Thursday, January 14, 2010

Birth Control in the Healthy Villages

This month, we are again providing free birth control to women in our villages, their third ‘cycle’ since the launch of Healthy Villages over the summer. 

We launched the birth control program last summer by bringing an outside NGO, SoftPower, into the villages.  SoftPower nurses held outreaches with nutrition and family planning information (these two topics are interlinked in Uganda, where poor child spacing or too many children can lead to malnutrition), and then gave out birth control and condoms.  (All women who wish to go on birth control must first take a pregnancy test.)

Three months ago, we worked with both local Health Centers and SoftPower.  They held joint outreaches where the SoftPower nurses trained Health Center staff to conduct the nutrition and family planning education presentations, and Health Center staff met the women who were taking birth control, and helped give pregnancy tests, injections, etc.  This was a sort of ‘transition’ phase of our birth control program.

Now, we are working with Health Center nurses only.  They are still doing both nutrition and family planning education sessions, handing out condoms, and giving out birth control after the necessary pregnancy test.  Sometimes the Health Centers don’t have all the equipment or contraceptives necessary, and then they’ll either borrow from other Health Centers, or UVP will buy certain items.  So far, we’ve managed to scrape together all that we need to do the outreaches successfully.  Our hope is that, over time, the Health Centers will begin to place more importance on regularly ordering all items necessary to birth control provision.  If the district is consistently failing to deliver certain items, even when the Health Centers place orders correctly, we’ll speak with district officials about the situation.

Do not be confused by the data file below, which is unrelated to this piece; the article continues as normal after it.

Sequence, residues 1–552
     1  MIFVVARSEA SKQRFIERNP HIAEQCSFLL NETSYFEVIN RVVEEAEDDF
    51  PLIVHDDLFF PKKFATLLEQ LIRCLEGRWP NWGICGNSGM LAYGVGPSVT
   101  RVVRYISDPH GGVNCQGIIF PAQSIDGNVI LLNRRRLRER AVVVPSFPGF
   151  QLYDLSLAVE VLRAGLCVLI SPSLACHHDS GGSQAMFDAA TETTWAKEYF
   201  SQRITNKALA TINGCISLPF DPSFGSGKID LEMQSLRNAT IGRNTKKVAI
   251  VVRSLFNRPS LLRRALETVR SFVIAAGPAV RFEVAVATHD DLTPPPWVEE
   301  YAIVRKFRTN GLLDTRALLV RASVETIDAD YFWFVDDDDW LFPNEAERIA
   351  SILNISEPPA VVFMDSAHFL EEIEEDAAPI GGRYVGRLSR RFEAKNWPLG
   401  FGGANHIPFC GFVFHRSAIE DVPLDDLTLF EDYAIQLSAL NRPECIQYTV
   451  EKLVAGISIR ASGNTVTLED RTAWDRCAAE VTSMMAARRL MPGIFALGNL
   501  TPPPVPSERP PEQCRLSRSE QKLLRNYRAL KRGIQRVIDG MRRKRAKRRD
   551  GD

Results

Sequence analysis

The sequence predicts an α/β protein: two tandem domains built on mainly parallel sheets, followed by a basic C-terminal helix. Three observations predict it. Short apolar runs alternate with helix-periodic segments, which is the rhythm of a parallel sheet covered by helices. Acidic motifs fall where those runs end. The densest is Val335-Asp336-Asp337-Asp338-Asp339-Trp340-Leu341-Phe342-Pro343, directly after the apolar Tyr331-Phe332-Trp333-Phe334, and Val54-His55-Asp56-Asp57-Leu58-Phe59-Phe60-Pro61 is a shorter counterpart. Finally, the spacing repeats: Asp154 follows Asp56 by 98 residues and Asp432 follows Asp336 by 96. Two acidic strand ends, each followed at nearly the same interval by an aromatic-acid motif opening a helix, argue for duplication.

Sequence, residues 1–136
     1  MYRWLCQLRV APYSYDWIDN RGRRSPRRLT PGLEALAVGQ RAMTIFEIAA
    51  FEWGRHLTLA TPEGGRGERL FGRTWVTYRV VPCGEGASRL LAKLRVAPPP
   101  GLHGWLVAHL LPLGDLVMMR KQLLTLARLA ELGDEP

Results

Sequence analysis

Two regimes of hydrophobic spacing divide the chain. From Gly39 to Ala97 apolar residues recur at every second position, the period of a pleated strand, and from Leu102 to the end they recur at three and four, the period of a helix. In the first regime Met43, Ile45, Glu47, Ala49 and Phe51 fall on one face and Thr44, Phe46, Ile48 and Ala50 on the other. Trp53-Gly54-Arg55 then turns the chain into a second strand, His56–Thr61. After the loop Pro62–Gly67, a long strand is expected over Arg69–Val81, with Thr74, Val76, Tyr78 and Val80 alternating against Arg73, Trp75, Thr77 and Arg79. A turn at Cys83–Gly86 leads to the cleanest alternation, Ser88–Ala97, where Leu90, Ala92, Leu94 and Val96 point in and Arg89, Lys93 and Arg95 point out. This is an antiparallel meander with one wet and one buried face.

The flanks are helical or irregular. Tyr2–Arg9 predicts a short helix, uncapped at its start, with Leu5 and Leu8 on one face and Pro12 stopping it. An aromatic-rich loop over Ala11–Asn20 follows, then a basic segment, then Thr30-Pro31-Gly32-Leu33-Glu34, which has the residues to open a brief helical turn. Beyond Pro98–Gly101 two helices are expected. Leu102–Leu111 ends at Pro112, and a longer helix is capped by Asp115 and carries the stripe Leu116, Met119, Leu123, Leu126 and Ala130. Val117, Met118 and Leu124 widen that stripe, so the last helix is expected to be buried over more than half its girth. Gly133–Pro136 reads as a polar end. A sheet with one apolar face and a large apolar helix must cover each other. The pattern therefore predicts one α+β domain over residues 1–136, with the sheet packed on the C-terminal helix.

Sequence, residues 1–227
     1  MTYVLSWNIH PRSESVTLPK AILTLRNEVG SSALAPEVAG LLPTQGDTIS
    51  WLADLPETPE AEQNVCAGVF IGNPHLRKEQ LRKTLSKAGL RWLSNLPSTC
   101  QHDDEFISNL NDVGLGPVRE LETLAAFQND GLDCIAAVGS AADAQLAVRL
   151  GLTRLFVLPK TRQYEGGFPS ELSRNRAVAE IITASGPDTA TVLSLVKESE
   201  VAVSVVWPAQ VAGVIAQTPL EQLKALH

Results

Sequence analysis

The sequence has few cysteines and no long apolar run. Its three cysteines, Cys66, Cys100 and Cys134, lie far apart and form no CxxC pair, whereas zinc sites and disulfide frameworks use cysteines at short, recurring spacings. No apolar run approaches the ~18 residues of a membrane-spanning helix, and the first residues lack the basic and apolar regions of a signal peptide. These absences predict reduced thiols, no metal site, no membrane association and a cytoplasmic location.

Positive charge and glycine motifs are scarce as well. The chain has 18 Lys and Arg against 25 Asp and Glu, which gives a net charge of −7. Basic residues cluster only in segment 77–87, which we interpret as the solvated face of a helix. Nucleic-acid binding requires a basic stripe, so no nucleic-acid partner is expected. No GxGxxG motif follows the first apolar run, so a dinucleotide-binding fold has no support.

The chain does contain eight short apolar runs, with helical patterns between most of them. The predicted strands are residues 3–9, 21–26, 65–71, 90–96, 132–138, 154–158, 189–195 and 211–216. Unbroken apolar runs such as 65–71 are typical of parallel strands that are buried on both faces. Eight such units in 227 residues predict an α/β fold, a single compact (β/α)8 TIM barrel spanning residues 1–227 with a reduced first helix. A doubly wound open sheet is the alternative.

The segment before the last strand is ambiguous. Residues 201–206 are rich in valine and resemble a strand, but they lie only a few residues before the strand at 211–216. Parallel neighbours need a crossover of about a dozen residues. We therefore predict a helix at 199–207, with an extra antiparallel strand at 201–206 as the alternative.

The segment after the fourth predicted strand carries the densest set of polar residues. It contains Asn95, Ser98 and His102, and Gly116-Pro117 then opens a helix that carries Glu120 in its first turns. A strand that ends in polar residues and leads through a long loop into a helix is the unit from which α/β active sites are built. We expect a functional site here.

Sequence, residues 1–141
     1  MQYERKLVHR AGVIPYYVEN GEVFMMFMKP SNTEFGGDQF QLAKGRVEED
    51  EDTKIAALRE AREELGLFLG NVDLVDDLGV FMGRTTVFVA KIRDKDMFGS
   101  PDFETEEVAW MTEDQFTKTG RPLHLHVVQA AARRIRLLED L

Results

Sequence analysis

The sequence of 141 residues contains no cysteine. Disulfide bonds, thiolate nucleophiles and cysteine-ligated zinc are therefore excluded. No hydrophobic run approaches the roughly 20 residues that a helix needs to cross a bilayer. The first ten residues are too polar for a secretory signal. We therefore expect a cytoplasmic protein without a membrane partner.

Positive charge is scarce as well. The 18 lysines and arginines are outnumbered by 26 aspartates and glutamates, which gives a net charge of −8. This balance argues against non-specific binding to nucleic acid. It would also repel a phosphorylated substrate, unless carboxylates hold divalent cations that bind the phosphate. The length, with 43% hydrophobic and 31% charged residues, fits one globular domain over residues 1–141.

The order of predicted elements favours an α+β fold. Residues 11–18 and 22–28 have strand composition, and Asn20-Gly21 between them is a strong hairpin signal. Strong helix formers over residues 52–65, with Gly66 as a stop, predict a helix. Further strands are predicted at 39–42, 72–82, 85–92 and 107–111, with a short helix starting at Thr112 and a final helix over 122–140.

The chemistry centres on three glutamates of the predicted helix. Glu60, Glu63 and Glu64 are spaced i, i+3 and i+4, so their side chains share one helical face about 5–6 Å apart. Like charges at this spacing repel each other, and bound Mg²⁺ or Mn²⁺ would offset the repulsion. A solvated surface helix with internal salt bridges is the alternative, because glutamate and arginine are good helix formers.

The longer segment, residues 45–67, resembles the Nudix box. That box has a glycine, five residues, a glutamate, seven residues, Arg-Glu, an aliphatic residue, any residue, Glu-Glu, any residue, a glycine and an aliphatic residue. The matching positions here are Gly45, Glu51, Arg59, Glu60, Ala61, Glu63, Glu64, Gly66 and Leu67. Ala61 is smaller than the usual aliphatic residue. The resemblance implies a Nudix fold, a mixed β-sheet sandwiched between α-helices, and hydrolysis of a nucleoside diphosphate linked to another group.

After a year or two, we may begin helping women to go to their local Health Centers for birth control, as opposed to bringing the local Health Centers to them.  At the moment, many women fear to go to Health Centers for birth control because of the mild stigma attached to family planning, or because their husbands will not allow them.  Many women are also afraid to take birth control in general, even if they do wish to have fewer children, because they have heard myths about the dangers of birth control.  It is our hope that, through a year or two of bringing birth control and family planning education into the village, and by making sure to educate men as well as women, we will help to cultivate an acceptance and understanding of birth control, eventually empowering women to go to the health centers themselves, without the help of UVP.  

1 comment:

deepesh said...

This was nice good article that you feel for you country and i liked it very much it is inspiring true story about woman and woman's problem about early pregnancy test . Now they can have what the like but still same problem with the rural place so my country is facing same problem here but we have to fight for woman's right.